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WONDERFULLY LYNCHIAN: ‘Knives and Skin’ is fully realized with technicolor vision

Raven Whitley plays Carolyn in ‘Knives and Skin,’ which feels like an extended cut of Gwen Stefani’s video for ‘Hollaback Girl.’ Courtesy photo

 

Someone recently asked me what I’m looking for when reviewing a movie. It’s a question that gets lobbed at critics every so often. When I started reviewing movies 8 billion years ago, I probably would have offered a lofty diatribe, breaking down my assessment of the acting, directing, writing, cinematography and a number of technical categories, before deciding whether the movie passed my rigorous grading system. Nowadays, after thousands upon thousands of reviews, the goal is much simpler: I just want to see something entertaining, surprising or both. “Entertaining” and “surprising” are two words that aptly describe Jennifer Reeder’s  “Knives and Skin.”

There’s a scene near the middle of the movie, one of the film’s many moments that uses music to set the mood where I literally declared out loud, “This shit is bananas … B-A-N-A-N-A-S!” The film’s high-school-by-way-of-music-video vibe reminded me of Gwen Stefani’s “Hollaback Girl.” “Knives and Skin” is a unique, weird experience, rooted in a wide range of influences—from “Twin Peaks” to “Pretty in Pink.” 

Carolyn (Raven Whitley) is a band girl with a bad streak who takes Andy (Ty Olwin) to the lake with promises of unemotional skin-to-skin contact. When she changes her mind and spurns his advances, Andy pulls a classic dick move and abandons Carolyn, leaving her stranded. The problem is exacerbated when Carolyn vanishes and a town full of secrets and lost souls begins to interact.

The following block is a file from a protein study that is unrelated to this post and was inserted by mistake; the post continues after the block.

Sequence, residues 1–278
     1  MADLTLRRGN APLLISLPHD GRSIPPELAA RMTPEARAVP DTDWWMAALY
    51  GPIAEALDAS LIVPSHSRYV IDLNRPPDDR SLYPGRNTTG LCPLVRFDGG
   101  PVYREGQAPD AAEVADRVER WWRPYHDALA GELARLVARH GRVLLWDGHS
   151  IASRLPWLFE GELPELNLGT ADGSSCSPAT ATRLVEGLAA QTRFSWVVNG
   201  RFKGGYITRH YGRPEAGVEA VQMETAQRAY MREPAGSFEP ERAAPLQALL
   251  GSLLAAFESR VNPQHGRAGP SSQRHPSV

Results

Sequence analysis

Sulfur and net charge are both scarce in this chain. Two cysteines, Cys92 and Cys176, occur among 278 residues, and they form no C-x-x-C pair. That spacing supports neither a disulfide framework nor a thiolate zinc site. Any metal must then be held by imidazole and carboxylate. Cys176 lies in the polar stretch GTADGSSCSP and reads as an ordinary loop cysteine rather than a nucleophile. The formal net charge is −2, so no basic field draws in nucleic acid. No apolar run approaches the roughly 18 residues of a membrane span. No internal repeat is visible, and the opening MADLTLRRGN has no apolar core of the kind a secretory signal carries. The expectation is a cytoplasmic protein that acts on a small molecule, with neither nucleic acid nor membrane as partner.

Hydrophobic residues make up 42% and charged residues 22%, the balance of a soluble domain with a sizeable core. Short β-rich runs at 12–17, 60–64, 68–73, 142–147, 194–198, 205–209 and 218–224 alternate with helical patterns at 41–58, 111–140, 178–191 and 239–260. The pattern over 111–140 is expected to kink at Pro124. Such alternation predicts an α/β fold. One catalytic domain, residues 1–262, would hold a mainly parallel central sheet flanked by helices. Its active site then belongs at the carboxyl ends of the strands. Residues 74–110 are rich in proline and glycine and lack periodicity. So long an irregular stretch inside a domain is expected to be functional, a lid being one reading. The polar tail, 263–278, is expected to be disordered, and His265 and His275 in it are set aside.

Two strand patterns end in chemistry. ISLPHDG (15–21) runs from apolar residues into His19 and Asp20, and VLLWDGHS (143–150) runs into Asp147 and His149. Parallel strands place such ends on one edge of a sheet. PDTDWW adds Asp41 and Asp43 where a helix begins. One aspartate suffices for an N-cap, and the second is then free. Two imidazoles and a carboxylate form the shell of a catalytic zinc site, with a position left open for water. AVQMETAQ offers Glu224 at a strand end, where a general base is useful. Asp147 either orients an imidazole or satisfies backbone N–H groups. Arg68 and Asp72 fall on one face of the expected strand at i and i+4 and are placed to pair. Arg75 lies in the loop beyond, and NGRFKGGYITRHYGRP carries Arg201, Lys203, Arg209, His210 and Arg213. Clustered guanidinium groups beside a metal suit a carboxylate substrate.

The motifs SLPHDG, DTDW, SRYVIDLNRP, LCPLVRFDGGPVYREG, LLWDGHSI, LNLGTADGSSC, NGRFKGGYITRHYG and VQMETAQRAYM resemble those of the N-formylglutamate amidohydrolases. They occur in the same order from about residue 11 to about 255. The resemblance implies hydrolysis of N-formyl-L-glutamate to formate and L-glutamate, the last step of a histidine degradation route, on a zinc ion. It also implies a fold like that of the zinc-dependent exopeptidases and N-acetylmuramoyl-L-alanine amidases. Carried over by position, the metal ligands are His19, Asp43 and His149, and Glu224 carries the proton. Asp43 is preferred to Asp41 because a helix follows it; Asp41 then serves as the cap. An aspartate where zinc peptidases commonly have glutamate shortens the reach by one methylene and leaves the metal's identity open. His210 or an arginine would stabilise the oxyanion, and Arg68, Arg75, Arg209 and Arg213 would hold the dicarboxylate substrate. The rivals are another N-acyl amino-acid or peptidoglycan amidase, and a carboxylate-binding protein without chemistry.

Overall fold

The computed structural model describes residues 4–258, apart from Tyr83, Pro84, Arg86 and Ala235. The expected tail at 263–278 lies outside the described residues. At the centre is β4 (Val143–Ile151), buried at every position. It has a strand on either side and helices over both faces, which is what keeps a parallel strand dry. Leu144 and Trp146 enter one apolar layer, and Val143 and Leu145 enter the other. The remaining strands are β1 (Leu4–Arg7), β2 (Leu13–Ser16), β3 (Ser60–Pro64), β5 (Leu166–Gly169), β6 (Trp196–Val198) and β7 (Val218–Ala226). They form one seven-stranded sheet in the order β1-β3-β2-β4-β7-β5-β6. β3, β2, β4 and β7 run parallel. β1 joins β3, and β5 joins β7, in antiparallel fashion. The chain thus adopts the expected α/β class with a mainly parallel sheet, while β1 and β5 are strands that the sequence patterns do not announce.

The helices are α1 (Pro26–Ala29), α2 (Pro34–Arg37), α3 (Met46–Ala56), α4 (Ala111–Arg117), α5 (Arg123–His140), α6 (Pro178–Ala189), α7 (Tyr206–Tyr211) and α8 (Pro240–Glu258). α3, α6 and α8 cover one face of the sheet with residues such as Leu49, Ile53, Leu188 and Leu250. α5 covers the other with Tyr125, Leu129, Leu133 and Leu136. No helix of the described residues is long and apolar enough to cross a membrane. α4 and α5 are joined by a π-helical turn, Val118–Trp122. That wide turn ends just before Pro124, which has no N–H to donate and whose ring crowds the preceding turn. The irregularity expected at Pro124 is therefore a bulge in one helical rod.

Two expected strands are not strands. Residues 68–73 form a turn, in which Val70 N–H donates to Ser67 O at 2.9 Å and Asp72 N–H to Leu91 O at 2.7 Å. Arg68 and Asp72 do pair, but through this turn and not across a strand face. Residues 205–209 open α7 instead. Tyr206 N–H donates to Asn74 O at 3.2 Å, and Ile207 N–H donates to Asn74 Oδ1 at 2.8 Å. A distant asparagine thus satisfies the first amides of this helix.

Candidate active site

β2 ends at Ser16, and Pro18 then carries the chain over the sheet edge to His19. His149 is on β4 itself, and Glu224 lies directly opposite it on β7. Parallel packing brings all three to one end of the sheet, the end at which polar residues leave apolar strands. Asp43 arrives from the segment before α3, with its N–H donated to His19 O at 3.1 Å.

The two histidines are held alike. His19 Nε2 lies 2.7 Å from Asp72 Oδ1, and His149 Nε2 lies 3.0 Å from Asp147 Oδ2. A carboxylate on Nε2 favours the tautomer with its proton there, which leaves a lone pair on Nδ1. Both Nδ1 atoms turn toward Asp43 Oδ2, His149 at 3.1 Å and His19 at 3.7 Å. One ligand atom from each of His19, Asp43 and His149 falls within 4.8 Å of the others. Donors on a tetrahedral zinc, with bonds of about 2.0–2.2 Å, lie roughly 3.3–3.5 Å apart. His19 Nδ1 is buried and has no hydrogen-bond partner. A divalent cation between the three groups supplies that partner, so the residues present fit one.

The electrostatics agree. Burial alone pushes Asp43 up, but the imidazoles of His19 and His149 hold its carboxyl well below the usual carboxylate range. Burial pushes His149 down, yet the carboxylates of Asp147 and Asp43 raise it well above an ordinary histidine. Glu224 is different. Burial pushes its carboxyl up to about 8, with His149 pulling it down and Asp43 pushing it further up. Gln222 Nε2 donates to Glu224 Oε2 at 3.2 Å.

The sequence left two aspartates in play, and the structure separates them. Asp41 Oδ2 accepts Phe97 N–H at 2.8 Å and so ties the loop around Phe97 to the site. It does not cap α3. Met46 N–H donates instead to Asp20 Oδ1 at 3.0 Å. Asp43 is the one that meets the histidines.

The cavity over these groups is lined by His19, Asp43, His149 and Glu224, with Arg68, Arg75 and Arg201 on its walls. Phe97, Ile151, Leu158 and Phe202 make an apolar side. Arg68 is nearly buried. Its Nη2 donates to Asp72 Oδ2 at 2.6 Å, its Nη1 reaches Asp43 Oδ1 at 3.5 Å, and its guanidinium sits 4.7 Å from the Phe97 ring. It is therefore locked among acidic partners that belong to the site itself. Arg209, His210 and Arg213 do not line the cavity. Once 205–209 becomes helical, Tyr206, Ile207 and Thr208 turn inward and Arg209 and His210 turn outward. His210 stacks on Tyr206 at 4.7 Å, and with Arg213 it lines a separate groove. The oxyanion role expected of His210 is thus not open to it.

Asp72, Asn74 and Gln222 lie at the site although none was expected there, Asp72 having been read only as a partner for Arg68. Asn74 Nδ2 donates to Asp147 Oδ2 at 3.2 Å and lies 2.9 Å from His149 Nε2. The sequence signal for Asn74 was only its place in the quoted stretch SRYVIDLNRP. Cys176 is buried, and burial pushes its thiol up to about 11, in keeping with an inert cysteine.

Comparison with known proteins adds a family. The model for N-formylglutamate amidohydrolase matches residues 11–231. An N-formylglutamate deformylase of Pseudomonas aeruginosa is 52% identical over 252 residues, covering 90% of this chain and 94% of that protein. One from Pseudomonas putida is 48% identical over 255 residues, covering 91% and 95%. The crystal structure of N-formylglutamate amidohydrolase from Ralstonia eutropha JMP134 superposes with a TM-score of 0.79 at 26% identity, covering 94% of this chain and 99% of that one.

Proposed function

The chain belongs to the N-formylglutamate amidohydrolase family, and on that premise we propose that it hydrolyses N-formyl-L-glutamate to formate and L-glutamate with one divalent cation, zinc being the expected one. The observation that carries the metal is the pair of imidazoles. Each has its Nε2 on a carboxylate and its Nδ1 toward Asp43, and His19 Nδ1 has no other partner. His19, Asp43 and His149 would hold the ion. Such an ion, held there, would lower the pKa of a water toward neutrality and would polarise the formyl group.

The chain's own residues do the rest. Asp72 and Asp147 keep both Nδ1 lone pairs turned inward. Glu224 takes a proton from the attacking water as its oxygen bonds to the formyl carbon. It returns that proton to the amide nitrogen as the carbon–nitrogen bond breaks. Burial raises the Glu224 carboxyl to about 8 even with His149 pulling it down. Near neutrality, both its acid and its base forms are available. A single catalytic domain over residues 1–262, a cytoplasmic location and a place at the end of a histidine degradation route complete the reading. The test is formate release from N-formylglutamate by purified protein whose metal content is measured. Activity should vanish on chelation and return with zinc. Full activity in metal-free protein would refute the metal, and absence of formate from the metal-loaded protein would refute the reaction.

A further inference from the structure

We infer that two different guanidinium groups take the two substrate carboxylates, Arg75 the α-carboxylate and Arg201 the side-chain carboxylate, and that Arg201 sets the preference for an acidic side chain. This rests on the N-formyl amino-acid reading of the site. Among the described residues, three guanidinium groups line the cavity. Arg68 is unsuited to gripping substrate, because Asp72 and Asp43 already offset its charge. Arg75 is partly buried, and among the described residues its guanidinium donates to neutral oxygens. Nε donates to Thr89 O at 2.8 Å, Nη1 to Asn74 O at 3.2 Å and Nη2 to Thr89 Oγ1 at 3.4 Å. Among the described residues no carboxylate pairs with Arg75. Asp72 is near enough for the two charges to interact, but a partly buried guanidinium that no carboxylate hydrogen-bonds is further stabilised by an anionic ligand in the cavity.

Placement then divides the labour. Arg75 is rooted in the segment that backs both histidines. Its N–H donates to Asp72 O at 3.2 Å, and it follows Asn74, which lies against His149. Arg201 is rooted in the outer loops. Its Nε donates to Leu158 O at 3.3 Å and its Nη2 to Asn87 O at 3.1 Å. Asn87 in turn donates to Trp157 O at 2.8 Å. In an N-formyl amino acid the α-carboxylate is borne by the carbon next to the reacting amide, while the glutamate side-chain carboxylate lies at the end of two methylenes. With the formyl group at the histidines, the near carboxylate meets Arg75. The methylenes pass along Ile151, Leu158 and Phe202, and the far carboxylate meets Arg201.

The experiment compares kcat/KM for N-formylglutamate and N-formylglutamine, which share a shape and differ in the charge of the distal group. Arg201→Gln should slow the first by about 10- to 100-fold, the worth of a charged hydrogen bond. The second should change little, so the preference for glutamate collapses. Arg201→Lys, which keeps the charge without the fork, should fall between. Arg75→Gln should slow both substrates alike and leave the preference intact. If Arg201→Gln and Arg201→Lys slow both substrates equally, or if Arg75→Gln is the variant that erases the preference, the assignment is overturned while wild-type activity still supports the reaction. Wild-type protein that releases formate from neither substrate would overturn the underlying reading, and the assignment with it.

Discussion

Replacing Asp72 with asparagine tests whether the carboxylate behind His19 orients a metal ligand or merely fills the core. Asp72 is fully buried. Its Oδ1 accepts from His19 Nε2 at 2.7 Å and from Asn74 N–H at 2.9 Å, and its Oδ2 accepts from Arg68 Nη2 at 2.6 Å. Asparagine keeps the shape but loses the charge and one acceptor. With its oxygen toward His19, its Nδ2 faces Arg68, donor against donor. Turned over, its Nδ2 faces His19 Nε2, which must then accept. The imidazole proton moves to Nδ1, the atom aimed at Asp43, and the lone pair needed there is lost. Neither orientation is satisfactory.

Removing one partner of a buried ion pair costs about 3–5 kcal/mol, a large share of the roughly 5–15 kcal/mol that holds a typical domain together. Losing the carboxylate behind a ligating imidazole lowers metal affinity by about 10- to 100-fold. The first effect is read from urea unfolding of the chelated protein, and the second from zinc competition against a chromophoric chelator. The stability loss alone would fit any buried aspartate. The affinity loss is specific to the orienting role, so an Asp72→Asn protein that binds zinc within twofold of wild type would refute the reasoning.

The cast of colorful, eccentric characters are wonderfully Lynchian. Dan (Tim Hopper) is a part-time clown, struggling with issues of failure and fidelity. Carolyn’s mother, Lisa (Raven Whitley), starts the movie as an odd bird but takes full flight after her daughter vanishes, giving her a number of absolutely mesmerizing scenes where she tries to discover truth about Carolyn’s disappearance. Reeder’s cast really deserves a shout out.  It’s a large, diverse ensemble that does a great job making the world feel real enough to engage emotionally. The danger of something as oddly wonderful as “Knives and Skin” is how removed it can feel from  recognizable reality. Thankfully, this well-picked cast helps keep the real in surreal. 

There’s a lovely musical motif woven through the movie. A capella performances of some well-known ’80s pop music help take things further into surreal territory and builds on an engaging score by Nick Zinner.  This is a movie where music feels like a consideration from the project’s inception, and it shows. I appreciate Reeder’s attempts at using music as something other than emotional color. It shows how fully realized this technicolor vision was before bringing it to the screen.

There are some moments where the narrative begins to drift and I wondered which way the wayward threads would careen. All the characters seem connected by plot elements and a tangential sense of suffering, which can at times make things feel a little melodramatic. It’s a fair trade for a movie that manages to deftly avoid cliché. I don’t ever recall seeing a movie where a clown performs cunnilingus. Now I have. 

“Knives and Skin” is a feature-film foray that weaves a number of influences into something cinematically unique. Its vibe is macabre and darkly comic, like “Heathers” or “Jawbreaker,” but embraces some stranger artistic impulses. It’s worth a watch.

DETAILS:
Knives and Skin
November 15, 3:30 p.m.
November 17, 6:45 p.m.
Thalian Main, 301 Chestnut St.
Tickets: $15 •  cucalorus.org/film/knives-and-skin

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